Claims have been made that chia contains more omega-3 fatty acids than salmon, many anti-oxidants, minerals, it is a complete source of protein and contains more fibre than flax seed.

Christopher McDougall author of "Born to Run" is an advocate of the seeds. His best selling book is about the Tarahumara ultra-distance running tribe in Mexico who fuel their runs on chia seeds. He writes "if you had to pick just one desert-island food, you couldn't do much better than chia, at least if you were interested in building muscle, lowering cholesterol, and reducing your risk of heart disease".

How To Eat Chia Seeds

As you will see from my recipes (including Chia Seed Scones and Go Get 'Em Granola Bars) the seeds can make a great addition to baked goods, including bread.

Recipe Suggestions:
  • Add to savoury dishes such as couscous.
  • Sprinkle over salads.
  • Add to breakfast cereals and porridge.
  • Once soaked in water they form a gel that can be added to recipes e.g. jams, yoghurt and salad dressings.
  • Add to smoothies and drinks.
  • Add chia seeds to beaten eggs, soak for 10-15 minutes and use to make an omelette.
  • Make a thin batter using ground chia seeds and milk then bake to make thin crackers.
  • Add to bread and cake recipes.

With so many ways of using them and many reported health benefits, why not give them a go?

(Have I persuaded you P.B? You know who you are...)

Tuesday, November 20, 2012

Recipe - Go Get 'Em Granola Bars (Gluten-free)

This recipe makes delicious, chewy gluten-free granola bars, ideal for a pre or post exercise energy boost. Go get 'em!

Recipe - Go Get 'Em Granola Bars (Gluten-free)

Ingredients (makes approx 10 bars)

170 grams of jumbo gluten-free oats
170 grams of butter
1 dessertspoon of maple syrup
110g of light brown sugar
3 tablespoons of chia seeds
50 grams of mixed seeds (pumpkin, sunflower and linseed)
30 grams of dried blueberries
1 tablespoon of cinnamon



Method

Pre-heat the oven to 150C.

Place the sugar, butter and maple syrup in a medium saucepan and heat gently until the butter has just melted.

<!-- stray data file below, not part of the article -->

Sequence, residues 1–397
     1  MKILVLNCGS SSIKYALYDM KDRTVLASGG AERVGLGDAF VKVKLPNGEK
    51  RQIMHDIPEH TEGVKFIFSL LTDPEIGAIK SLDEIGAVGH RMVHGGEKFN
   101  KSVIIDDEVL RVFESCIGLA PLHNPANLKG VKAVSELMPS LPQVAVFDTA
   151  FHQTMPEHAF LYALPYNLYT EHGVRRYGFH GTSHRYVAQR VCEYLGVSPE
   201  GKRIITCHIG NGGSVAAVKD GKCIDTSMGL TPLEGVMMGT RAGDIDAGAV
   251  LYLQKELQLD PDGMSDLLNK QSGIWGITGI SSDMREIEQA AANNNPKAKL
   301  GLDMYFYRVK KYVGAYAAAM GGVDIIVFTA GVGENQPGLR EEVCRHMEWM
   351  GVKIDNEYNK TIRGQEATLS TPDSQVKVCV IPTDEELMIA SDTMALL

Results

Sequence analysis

Remove the saucepan from the heat. Add the oats, seeds, blueberries, chia seeds and cinnamon, mix well.




Press the mixture into a greased baking tin.

Pop into the oven and bake for approx 45 minutes until lightly golden.

Remove from the oven and leave to cool before attempting to cut it.

Yummy, enjoy!


Go Get 'Em Granola Bar

Sunday, November 18, 2012

Recipe - Festive Flapjack (Gluten-free)

Well the essay is going ok...the subject of which is beta-glucans which are really quite fascinating. They are phytonutrients occurring in cereal grains, baker's yeast, certain fungi, mushroom and bacteria. They are known as biological response modifiers because of their ability to activate the immune system. The consumption of beta-glucans is thought to have many health benefits e.g. lowering blood cholesterol,  regulating blood sugar levels, enhancing the immue system and more. One of the richest dietary sources of beta-glucans is thought to be oats, which leads me neatly onto today's oat inspired recipe "Festive Flapjack".

As I was making this recipe my Mum text (not knowing I was baking flapjacks today) to say she had just taken a batch of vanilla coconut flapjacks out of the oven, sound good don't they? Makes my recipe sound a bit dull in comparison, but then my Mum is the Queen of Flapjack.

Recipe - Festive Flapjack (Gluten-free)

Ingredients (makes approx. 8 big slices)

175g of oats (gluten-free) use jumbo oats if available
175g of butter (cut into chunks)
1 dessertspoon of maple syrup
110g of light brown sugar
75g of dried cranberries (soaked for an hour in hot water to re-hydrate)